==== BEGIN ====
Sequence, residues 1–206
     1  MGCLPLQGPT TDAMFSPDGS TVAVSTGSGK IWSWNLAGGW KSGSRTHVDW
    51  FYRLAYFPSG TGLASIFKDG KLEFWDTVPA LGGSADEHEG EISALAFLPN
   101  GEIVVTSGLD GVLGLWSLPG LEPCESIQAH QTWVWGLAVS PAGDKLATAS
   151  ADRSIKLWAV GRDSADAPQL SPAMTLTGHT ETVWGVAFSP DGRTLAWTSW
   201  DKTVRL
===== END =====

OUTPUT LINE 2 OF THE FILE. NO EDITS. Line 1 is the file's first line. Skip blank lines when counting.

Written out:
     1  MGCLPLQGPT TDAMFSPDGS TVAVSTGSGK IWSWNLAGGW KSGSRTHVDW